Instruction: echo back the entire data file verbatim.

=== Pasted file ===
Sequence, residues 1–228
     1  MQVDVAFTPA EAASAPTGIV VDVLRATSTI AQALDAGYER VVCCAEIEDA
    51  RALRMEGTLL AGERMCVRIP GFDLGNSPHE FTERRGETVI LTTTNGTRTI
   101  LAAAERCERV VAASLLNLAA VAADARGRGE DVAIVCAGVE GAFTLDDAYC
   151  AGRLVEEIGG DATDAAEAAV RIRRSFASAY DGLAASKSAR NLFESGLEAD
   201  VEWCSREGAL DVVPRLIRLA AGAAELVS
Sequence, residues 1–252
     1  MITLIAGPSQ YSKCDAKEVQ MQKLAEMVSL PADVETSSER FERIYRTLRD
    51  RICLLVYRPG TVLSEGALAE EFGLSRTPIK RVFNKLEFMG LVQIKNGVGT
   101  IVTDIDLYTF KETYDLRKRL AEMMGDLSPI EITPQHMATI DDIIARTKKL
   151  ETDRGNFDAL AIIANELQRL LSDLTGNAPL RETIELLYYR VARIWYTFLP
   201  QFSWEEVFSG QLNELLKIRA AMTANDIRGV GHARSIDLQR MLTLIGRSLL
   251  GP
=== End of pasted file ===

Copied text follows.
Sequence, residues 1–228
     1  MQVDVAFTPA EAASAPTGIV VDVLRATSTI AQALDAGYER VVCCAEIEDA
    51  RALRMEGTLL AGERMCVRIP GFDLGNSPHE FTERRGETVI LTTTNGTRTI
   101  LAAAERCERV VAASLLNLAA VAADARGRGE DVAIVCAGVE GAFTLDDAYC
   151  AGRLVEEIGG DATDAAEAAV RIRRSFASAY DGLAASKSAR NLFESGLEAD
   201  VEWCSREGAL DVVPRLIRLA AGAAELVS
Sequence, residues 1–252
     1  MITLIAGPSQ YSKCDAKEVQ MQKLAEMVSL PADVETSSER FERIYRTLRD
    51  RICLLVYRPG TVLSEGALAE EFGLSRTPIK RVFNKLEFMG LVQIKNGVGT
   101  IVTDIDLYTF KETYDLRKRL AEMMGDLSPI EITPQHMATI DDIIARTKKL
   151  ETDRGNFDAL AIIANELQRL LSDLTGNAPL RETIELLYYR VARIWYTFLP
   201  QFSWEEVFSG QLNELLKIRA AMTANDIRGV GHARSIDLQR MLTLIGRSLL
   251  GP